A Decade of SN 1993J: Discovery of Radio Wavelength Effects in the Expansion Rate
Van Dyk, S.D.
Whitney, A.R.Note: Order does not necessarily reflect citation order of authors.
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CitationMarcaide, J. M., I. Martí-Vidal, A. Alberdi, M. A. Pérrez-Torres, E. Ros, P .J. Diamond, J. C. Guirado, et al. 2009. A decade of SN 1993J: discovery of radio wavelength effects in the expansion rate. Astronomy & Astrophysics 505(3): 927-945.
AbstractWe studied the growth of the shell-like radio structure of supernova SN 1993J in M 81 from September 1993 to October 2003 with very-long-baseline interferometry (VLBI) observations at the wavelengths of 3.6, 6, and 18 cm. We developed a method to accurately determine the outer radius (R) of any circularly symmetric compact radio structure such as SN 1993J. The source structure of SN 1993J remains circularly symmetric (with deviations from circularity under 2%) over almost 4000 days. We characterize the decelerated expansion of SN 1993J until approximately day 1500 after explosion with an expansion parameter \(m = 0.845 \pm 0.005 (R \alpha t^m)\). However, from that day onwards the expansion diﬀers when observed at 6 and 18 cm. Indeed, at 18 cm, the expansion can be well characterized by the same m as before day 1500, while at 6 cm the expansion appears more decelerated, and is characterized by another expansion parameter, \(m_6 = 0.788 \pm 0.015\). Therefore, since about day 1500 onwards, the radio source size has been progressively smaller at 6 cm than at 18 cm. These ﬁndings diﬀer signiﬁcantly from those of other authors in the details of the expansion. In our interpretation, the supernova expands with a single expansion parameter, \(m = 0.845 \pm 0.005\), and the 6 cm results beyond day 1500 are caused by physical eﬀects, perhaps also coupled to instrumental limitations. Two physical eﬀects may be involved: (a) a changing opacity of the ejecta to the 6 cm radiation, and (b) a radial decrease of the magnetic ﬁeld in the emitting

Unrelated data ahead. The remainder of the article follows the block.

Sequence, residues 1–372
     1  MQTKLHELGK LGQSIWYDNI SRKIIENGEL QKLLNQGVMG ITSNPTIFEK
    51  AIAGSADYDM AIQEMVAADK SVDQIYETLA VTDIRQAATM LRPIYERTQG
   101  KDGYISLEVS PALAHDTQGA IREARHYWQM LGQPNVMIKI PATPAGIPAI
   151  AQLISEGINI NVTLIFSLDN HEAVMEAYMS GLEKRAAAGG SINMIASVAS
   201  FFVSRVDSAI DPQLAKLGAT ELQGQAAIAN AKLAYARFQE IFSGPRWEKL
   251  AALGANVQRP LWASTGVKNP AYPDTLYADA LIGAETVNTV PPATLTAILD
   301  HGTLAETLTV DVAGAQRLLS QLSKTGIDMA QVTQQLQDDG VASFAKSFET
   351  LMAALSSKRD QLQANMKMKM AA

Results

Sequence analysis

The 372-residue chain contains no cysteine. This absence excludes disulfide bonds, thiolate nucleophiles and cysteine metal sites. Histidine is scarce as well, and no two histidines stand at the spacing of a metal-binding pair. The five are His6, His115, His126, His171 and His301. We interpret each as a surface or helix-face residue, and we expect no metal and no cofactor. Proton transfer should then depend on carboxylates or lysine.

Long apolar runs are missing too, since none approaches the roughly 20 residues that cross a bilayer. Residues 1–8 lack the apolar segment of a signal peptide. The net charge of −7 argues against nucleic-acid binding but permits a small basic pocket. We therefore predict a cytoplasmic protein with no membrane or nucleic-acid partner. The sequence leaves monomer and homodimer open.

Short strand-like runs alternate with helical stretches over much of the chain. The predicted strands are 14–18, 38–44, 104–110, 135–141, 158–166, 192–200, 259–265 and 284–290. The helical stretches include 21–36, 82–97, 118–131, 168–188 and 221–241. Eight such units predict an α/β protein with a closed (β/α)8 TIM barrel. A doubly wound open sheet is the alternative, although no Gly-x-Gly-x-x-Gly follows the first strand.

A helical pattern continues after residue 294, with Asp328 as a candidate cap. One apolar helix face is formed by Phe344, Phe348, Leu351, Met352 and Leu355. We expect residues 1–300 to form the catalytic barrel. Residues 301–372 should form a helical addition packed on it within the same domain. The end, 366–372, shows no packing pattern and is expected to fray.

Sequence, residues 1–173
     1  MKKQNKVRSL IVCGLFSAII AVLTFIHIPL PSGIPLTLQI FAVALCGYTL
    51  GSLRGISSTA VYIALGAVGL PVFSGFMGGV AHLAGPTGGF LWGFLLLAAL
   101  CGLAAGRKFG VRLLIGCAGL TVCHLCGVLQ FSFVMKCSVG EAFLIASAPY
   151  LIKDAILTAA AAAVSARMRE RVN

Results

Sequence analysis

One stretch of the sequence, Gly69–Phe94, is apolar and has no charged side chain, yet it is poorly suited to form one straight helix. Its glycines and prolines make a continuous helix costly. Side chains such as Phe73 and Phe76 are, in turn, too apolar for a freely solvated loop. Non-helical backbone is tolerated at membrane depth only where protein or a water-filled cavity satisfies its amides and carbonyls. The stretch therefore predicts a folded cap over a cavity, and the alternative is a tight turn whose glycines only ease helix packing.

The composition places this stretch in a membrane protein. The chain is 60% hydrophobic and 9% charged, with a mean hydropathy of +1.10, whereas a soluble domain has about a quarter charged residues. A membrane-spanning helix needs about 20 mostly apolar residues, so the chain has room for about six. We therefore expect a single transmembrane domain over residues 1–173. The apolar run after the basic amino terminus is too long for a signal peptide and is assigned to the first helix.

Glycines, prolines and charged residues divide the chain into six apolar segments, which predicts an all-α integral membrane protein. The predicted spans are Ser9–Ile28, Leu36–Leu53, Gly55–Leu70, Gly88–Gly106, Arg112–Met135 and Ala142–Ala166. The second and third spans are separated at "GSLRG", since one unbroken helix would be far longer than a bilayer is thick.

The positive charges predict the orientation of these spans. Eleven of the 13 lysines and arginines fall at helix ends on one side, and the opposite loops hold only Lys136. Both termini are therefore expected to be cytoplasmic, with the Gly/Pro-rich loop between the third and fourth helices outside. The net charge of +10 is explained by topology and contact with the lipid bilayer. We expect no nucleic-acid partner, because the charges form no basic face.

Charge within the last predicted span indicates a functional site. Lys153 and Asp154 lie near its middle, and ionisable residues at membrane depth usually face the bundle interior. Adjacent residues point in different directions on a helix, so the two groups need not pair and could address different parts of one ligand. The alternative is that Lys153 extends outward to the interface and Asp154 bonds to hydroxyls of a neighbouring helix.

region. We also found that at 6 cm about 80% of the radio emission from the backside of the shell behind the ejecta is absorbed (our average estimate, since we cannot determine any possible evolution of the opacity), and the width of the radio shell is \((31 \pm 2) %\) of the outer radius. The shell width at 18 cm depends on the degree of assumed absorption. For 80 % absorption, the width is \((33.5 \pm 1.7) %\), and for 100 % absorption, it is \((37.8 \pm 1.3) %\). A comparison of our VLBI results with optical spectral line velocities shows that the deceleration is more pronounced in the radio than in the optical. This diﬀerence might be due to a progressive penetration of ejecta instabilities into the shocked circumstellar medium, as also suggested by other authors.
Citable link to this pagehttp://nrs.harvard.edu/urn-3:HUL.InstRepos:8919558
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